At some point, you might feel the temptation to withdraw or borrow money from your 401(k) retirement plan to cover high medical costs, combat a personal crisis or manage a family emergency. However, funds in a 401(k) might face a tax penalty for early withdrawals, though some exceptions may be available depending on the situation. For traditional 401(k) retirement plans, this penalty applies over and above your ordinary income tax on the withdrawal.
If you need cash to buy your first home, you can borrow money from your 401(k) retirement plan—effectively loaning money to yourself. But you will need to pay your account back with interest. Often, you must pay back a 401(k) loan within 5 years. If you fail to pay it back, it might be considered an early withdrawal, subject to all taxes and penalties.
When you leave a job—whether due to retirement or simply to move to another company—you have several options for your 401(k) retirement plan. If you are happy with the plan, custodian and investment choices, you might be able to keep your plan where it is. If your new employer sponsors a 401(k) retirement plan, you can transfer it there, either all at once or over time. If you request that your former employer close your account and send you a check as a withdrawal, you would be required to pay any applicable taxes and penalties. Finally, you can roll your 401(k) retirement plan into an Individual Retirement Account (IRA).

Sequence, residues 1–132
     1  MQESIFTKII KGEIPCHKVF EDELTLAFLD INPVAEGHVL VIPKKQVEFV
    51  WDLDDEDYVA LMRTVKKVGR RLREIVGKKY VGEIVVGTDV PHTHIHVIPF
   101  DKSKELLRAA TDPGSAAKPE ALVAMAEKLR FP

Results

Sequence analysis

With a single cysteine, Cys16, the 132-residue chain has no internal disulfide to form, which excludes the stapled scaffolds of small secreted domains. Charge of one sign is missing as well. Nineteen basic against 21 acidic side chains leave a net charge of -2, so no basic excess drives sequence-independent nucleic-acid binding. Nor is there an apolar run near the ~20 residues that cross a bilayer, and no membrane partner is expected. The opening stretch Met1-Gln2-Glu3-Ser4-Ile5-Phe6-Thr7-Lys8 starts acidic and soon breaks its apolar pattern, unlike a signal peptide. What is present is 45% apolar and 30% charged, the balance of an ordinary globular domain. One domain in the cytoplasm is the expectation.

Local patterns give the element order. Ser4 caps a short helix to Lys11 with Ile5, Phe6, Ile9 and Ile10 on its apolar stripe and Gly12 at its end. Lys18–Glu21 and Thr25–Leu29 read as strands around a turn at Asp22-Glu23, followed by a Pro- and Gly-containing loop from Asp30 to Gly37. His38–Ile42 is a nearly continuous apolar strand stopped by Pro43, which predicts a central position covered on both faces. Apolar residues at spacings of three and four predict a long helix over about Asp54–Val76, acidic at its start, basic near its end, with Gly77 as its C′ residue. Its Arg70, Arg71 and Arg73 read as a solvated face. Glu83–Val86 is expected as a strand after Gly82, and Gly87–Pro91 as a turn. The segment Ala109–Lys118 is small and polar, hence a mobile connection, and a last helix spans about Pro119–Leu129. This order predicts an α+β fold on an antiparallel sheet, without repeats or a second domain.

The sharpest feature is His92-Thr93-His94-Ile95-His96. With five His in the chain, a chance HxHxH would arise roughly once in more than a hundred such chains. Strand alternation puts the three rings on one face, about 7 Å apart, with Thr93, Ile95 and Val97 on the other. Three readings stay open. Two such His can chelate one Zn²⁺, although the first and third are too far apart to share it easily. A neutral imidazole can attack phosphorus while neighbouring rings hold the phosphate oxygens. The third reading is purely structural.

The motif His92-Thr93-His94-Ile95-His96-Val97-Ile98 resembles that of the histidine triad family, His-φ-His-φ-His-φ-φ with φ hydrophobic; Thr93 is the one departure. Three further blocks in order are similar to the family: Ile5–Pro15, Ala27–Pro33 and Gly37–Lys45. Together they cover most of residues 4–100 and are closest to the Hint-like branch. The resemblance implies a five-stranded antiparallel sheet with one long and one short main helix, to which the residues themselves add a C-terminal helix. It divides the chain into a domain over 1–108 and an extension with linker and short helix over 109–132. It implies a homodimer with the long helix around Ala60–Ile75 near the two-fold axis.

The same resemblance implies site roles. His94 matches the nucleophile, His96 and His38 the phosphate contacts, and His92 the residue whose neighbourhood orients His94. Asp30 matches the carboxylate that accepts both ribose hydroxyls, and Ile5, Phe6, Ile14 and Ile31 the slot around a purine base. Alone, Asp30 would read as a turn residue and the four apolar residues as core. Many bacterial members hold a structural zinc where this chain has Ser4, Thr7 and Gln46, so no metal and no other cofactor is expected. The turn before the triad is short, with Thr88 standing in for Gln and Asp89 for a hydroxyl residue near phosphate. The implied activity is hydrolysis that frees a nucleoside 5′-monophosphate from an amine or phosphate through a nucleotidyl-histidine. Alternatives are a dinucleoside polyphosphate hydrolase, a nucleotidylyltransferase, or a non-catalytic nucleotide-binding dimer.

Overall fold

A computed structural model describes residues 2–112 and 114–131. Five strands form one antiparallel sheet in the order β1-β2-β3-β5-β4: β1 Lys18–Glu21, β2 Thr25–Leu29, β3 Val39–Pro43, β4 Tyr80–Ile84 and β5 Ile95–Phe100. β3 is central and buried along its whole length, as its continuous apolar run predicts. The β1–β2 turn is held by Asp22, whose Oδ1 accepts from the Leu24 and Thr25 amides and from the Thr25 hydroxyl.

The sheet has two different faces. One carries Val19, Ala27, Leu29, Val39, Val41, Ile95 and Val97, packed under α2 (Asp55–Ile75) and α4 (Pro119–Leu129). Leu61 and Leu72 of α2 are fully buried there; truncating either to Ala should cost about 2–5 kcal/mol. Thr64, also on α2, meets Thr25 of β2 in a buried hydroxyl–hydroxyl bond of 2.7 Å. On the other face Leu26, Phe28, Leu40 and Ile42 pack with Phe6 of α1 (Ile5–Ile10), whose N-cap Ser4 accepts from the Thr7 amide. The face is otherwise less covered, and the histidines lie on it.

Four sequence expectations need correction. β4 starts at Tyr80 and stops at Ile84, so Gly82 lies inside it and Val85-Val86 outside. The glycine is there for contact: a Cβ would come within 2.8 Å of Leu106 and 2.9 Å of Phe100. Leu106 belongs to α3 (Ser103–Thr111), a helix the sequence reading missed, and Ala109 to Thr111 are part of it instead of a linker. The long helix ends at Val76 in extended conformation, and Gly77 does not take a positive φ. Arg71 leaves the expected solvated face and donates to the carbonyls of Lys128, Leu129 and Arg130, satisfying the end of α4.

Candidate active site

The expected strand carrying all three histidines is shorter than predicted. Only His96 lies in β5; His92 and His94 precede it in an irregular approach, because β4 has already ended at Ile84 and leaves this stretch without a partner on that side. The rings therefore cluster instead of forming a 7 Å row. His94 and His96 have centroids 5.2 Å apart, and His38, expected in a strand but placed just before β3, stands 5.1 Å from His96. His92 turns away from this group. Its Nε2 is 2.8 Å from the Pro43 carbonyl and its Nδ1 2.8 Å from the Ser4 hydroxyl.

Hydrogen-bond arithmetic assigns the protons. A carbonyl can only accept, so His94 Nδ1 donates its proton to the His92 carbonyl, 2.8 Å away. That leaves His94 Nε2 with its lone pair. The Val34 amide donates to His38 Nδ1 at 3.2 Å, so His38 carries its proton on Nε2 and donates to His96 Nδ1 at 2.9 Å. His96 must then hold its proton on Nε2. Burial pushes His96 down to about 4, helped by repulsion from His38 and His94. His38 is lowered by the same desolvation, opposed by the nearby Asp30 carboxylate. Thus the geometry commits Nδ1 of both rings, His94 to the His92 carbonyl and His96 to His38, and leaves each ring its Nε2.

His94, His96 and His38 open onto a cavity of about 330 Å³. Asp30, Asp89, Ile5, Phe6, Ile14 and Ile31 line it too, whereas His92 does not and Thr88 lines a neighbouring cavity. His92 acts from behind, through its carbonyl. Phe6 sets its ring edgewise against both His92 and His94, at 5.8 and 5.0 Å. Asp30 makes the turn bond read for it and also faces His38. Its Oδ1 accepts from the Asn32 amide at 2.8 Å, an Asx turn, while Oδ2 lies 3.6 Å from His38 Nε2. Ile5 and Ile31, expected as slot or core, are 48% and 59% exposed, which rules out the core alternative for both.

There are a few potential drawbacks to a 401(k) retirement plan in comparison to an IRA. For example, employers usually limit the investment choices to a few options. Additionally, your employer must appoint the custodian for employee 401(k) assets, but you get to choose where to open your IRA. In general, though, the benefits of 401(k) retirement plans—high contribution limits, employer matches and tax-deferred investing—make them an attractive consideration for retirement savers.
IRAs remain popular among investors for good reason—they are usually easy to set up, and many have no setup or annual fees. Investment choices can be flexible. However, income limits mean that some high earners might not be able to contribute to a Roth IRA. Plus, the contribution limit for IRAs is lower than for 401(k)s.5
As you approach retirement, Fisher Investments can help ensure you have the right asset allocation and guidance. If you don’t know where to start, you’re not alone. Whether you’re already retired or still building your career, we can help answer some of the most pressing 401(k) retirement plan questions. Call us or visit Fisher online to learn more.
1Internal Revenue Service as of 02/12/2020. Retirement Topics – 401k and Profit Sharing Plan Contribution Limits.
2Internal Revenue Service as of 02/12/2020. Retirement Topics – 401k and Profit Sharing Plan Contribution Limits.
3Internal Revenue Service as of 02/12/2020. Retirement Topics – 401k and Profit Sharing Plan Contribution Limits.
4Internal Revenue Service as of 11/07/2017. Retirement Plans – Retirement Plans FAQs on Designated Roth Accounts.
5Internal Revenue Service as of 11/07/2017. Retirement Plans – Retirement Plans FAQs Regarding IRAs Contributions.